Wednesday, June 30, 1999 Published at 10:39 GMT 11:39 UK
Business: The Economy
The 'Great British car rip-off'
UK car buyers can often save thousands by purchasing abroad
The Consumers' Association (CA) is launching a campaign to highlight the 'Great British car rip-off'.
It wants to shame the car industry into bringing down prices for new vehicles by showing how UK buyers are being overcharged compared to motorists on the continent.
Phil Evans, the Consumers' Association policy advisor, said: "We are being ripped off because the European Commission has allowed the car industry in Europe to decide how we buy cars as consumers and it has stopped a proper market functioning and when that happens manfuacturers have been able to boost their profits at our expense.
"We want to see a proper open market for cars in Europe", Mr Evans added.
The main UK car manufacturers and traders have consistently argued against the relaxation of import controls, claiming that imported vehicles may be unsafe or fail to conform to environmental standards.
Al Clarke, of the Society of Motor Manufacturers and traders said: "Frankly the Consumers' Association are barking up the wrong tree.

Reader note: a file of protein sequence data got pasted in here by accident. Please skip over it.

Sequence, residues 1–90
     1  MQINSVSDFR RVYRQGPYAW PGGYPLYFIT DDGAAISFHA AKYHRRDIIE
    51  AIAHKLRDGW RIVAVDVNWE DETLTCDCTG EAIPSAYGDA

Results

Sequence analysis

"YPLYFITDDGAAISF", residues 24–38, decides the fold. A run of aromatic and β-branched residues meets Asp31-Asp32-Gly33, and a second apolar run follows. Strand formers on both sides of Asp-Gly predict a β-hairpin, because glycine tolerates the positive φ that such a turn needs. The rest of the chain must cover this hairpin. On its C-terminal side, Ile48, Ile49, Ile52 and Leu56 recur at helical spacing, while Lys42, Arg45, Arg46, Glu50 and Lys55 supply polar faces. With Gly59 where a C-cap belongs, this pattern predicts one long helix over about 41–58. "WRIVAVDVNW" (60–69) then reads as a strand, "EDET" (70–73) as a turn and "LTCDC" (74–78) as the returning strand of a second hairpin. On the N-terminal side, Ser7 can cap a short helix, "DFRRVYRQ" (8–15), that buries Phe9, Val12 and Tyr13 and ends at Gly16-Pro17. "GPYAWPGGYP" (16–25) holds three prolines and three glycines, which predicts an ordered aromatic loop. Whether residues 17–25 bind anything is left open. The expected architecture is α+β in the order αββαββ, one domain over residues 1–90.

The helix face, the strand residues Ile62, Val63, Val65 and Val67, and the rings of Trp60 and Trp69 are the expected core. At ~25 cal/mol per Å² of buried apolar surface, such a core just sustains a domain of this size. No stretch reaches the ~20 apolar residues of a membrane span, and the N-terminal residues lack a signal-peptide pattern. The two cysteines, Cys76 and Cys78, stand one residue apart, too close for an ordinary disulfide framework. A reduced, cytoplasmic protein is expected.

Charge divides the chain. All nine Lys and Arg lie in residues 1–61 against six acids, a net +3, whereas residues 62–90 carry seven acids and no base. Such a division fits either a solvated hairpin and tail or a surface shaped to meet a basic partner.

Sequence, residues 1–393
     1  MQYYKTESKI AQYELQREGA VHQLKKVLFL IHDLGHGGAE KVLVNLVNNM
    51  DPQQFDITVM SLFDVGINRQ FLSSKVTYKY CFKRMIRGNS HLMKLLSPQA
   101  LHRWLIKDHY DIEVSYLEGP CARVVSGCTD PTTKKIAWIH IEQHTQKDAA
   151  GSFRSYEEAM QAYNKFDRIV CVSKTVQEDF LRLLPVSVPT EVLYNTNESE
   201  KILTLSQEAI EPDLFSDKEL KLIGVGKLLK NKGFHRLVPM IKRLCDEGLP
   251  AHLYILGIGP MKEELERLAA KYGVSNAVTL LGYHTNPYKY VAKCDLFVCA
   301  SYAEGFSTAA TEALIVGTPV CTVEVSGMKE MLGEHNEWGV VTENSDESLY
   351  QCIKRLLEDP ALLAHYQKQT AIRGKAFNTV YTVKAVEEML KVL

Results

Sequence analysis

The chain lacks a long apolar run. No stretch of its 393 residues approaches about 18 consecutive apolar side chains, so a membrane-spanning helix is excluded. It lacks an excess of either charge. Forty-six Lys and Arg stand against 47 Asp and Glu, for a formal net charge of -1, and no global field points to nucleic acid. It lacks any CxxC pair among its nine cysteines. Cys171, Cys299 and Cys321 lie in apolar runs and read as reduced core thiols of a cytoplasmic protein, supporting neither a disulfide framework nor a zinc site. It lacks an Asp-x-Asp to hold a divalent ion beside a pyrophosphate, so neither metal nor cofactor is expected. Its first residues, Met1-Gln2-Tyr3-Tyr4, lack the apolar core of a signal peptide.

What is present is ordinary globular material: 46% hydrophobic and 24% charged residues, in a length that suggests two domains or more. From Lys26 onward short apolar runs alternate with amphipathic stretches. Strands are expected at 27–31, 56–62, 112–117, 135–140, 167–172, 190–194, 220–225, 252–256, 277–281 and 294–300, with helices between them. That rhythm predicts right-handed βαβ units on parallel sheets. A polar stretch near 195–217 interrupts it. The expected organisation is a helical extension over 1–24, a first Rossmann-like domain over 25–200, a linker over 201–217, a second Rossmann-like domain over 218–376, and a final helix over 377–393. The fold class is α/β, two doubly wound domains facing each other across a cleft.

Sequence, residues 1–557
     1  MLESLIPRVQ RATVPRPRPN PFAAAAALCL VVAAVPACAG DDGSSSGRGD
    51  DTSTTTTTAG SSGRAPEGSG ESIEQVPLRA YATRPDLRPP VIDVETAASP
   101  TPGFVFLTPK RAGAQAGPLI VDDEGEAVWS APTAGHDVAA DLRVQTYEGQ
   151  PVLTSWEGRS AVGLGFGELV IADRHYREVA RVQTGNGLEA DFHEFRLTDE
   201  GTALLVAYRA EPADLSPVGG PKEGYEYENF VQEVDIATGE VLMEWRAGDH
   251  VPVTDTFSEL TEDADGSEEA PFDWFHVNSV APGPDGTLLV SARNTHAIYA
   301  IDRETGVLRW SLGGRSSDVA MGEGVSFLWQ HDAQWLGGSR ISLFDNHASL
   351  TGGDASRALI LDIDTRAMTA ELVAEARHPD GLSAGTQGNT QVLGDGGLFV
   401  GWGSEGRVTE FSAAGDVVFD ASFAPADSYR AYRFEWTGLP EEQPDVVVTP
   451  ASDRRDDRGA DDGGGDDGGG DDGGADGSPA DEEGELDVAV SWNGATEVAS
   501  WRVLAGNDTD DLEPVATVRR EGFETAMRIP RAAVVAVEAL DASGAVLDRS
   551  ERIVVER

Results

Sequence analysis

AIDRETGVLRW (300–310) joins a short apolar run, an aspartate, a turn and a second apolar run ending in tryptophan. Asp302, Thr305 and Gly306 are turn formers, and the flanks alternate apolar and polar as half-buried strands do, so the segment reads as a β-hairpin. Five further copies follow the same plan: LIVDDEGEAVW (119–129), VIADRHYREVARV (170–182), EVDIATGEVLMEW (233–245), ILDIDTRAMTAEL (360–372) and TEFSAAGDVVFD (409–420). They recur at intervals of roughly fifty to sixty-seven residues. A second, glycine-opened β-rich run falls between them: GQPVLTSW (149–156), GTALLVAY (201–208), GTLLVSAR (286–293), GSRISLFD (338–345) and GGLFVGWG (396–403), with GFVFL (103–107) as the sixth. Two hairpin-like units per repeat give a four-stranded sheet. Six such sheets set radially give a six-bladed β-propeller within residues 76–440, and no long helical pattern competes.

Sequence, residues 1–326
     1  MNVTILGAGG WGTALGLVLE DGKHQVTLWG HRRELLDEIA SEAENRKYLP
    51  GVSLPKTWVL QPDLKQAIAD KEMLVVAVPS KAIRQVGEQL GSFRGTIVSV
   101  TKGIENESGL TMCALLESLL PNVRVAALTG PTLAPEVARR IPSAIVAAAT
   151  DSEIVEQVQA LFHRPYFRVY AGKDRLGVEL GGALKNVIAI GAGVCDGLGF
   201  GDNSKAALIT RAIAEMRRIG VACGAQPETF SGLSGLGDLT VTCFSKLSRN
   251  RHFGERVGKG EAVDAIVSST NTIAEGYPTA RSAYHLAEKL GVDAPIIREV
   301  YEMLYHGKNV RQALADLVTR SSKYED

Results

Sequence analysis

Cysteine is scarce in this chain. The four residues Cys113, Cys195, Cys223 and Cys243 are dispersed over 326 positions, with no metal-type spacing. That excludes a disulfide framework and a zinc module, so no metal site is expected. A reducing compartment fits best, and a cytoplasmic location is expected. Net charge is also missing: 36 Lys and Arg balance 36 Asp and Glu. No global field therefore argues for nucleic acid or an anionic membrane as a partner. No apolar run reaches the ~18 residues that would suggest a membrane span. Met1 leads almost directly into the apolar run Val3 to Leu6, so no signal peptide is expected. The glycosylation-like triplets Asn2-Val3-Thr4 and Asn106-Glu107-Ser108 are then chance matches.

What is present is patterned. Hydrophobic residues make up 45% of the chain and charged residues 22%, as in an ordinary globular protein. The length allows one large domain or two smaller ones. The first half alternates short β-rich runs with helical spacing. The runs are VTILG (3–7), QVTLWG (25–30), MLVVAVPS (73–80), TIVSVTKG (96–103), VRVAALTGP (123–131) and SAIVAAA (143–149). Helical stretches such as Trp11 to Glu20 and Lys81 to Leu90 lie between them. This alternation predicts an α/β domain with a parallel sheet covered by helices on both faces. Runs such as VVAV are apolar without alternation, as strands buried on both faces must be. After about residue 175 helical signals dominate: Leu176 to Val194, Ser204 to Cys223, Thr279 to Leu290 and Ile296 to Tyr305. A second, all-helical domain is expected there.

"There is no rip off of the great British public, the great British public are sensibly buying private cars in the UK in greater numbers than ever before."
But the UK's £24bn motor trade is currently under investigation by the Competition Commission after surveys revealed that British consumers were paying up to 60% more for comparable makes and models of popular cars.
The Competition Commission, formerly the Monopolies and Mergers Commission, is to invite the public to voice their views on car pricing at a series of open hearings next month.
The Office of Fair Trading referred the issue to the commission after it found evidence that manufacturers were using recommended resale prices for vehicles to mask the true selling price of cars and deterring dealers from bringing in cheaper parallel imports from other EU countries.
Denise Kingsmill of the Competition Commission said: "We hope an informed debate in public is a good way of getting the arguments out in the open.
"We are not expecting the car companies, or anybody else, to give us confidential information, that we would expect to come through in the private hearings
"But I think that there are some robust arguments on both sides and I think it will be in everybody's interest for them to be put fairly and squarely before the public."
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